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Housing gives youth place to call home Allison K. Sampité | Sat, Nov 12 2011 12:00 PM


The newest addition of transitional housing for foster youth has arrived at South Bay Community Services.

Muncey Manor opened this summer and was named after Fran Muncey, owner of The Gally in Chula Vista who actively donates time and resources to the foster youth community.

The Manor added 11 more apartments to total 35 for young adults ages 18 to 24 who have aged out of the foster care system.

The CEO of South Bay Community Services, Kathy Lembo, said that transitional housing for foster youth is one of the most important things the organization does in and for the community.

"About 300 kids exit the foster care system in the county every year, many of whom have no family or support at all and they need some kind of transitional housing and services," Lembo said. "If you look at the chronic homeless and prisons, a good number are foster care kids."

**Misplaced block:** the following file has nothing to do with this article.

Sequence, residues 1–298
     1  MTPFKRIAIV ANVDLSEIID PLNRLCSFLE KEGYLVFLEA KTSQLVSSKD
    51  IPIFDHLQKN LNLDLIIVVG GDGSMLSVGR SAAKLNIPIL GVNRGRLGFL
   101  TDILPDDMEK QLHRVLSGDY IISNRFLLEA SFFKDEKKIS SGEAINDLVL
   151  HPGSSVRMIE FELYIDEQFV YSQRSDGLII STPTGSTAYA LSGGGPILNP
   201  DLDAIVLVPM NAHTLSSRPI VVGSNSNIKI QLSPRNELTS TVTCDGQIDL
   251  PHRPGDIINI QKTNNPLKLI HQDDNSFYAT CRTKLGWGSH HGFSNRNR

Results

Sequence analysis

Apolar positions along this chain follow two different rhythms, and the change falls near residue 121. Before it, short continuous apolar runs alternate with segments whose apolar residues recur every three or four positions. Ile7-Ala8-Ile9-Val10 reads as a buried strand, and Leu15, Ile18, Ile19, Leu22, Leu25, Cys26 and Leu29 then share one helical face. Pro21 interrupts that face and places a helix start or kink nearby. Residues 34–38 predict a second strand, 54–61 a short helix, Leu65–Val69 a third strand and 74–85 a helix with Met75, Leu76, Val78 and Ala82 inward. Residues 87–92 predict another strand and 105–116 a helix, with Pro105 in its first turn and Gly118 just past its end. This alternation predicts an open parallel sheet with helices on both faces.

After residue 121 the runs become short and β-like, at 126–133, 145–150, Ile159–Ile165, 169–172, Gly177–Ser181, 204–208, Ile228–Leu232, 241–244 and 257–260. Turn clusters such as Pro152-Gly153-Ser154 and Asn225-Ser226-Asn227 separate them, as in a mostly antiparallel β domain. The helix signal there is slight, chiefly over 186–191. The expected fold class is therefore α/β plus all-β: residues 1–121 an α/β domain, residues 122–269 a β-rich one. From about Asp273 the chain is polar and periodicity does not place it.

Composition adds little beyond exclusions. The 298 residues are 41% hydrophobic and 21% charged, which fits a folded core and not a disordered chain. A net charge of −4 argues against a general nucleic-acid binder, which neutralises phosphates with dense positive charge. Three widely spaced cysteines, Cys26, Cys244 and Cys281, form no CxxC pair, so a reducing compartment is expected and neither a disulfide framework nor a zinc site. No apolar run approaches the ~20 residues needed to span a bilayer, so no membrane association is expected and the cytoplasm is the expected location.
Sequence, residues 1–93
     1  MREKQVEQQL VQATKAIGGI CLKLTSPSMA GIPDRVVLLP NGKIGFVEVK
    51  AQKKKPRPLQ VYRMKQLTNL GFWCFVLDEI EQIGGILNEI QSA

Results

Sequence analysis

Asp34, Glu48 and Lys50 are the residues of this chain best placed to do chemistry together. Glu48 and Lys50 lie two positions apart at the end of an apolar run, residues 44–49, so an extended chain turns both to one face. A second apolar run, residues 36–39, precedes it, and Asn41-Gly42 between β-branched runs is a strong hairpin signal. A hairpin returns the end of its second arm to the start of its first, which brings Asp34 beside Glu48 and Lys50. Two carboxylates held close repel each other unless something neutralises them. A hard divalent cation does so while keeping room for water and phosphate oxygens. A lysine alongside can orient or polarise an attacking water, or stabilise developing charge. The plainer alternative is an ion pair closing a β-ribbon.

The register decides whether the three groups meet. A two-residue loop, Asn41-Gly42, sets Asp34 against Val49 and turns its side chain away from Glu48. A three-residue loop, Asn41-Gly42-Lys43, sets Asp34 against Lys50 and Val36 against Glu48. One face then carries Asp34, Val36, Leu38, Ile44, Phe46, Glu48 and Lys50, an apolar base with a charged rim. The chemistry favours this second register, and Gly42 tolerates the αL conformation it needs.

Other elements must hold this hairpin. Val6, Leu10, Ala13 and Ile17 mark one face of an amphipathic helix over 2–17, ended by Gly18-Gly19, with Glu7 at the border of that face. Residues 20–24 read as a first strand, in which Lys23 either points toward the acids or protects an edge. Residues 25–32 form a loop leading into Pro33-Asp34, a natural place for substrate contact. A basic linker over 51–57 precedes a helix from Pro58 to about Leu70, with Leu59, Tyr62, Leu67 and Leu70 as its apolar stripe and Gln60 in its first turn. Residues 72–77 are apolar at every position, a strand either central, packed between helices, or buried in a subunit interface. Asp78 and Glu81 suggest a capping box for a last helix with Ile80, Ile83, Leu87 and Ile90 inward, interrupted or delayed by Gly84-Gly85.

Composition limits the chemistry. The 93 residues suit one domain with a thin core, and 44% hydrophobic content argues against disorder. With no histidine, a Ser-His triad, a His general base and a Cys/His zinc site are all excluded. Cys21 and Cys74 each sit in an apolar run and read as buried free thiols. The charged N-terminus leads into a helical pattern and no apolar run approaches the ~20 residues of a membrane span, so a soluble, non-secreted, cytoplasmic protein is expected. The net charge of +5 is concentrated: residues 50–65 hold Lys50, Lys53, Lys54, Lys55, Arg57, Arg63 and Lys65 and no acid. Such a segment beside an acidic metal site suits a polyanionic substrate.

Trolley Trestle was the first transitional housing which opened more than 10 years ago at South Bay Community Services and paved the way for others. The apartments offer 35 individuals and single parents the opportunity to become more independent.

"It gives us the opportunity to house and provide assistance to kids in our community and help them become productive members of society," Lembo said. "It's about giving them a head start in life."

Kids who age out of the foster care system have a 50 percent chance of becoming homeless, according to Lembo, which is why she considers the transitional housing so important.

"They age out because it's not a case where family reunification was possible or a permanent solution like adoption was available," Lembo said. "Some kids have lived in 17 different homes and schools. They haven't gotten the same kind of chance that even kids in poverty get."

"We take an approach from day one that this is their home and they can come back," Lembo said. "We have kids who have been with us for years who come back for Christmas and Thanksgiving or come back for advice or to see counselors. We're not only the place they come to when they're having trouble but also when something good has happened."


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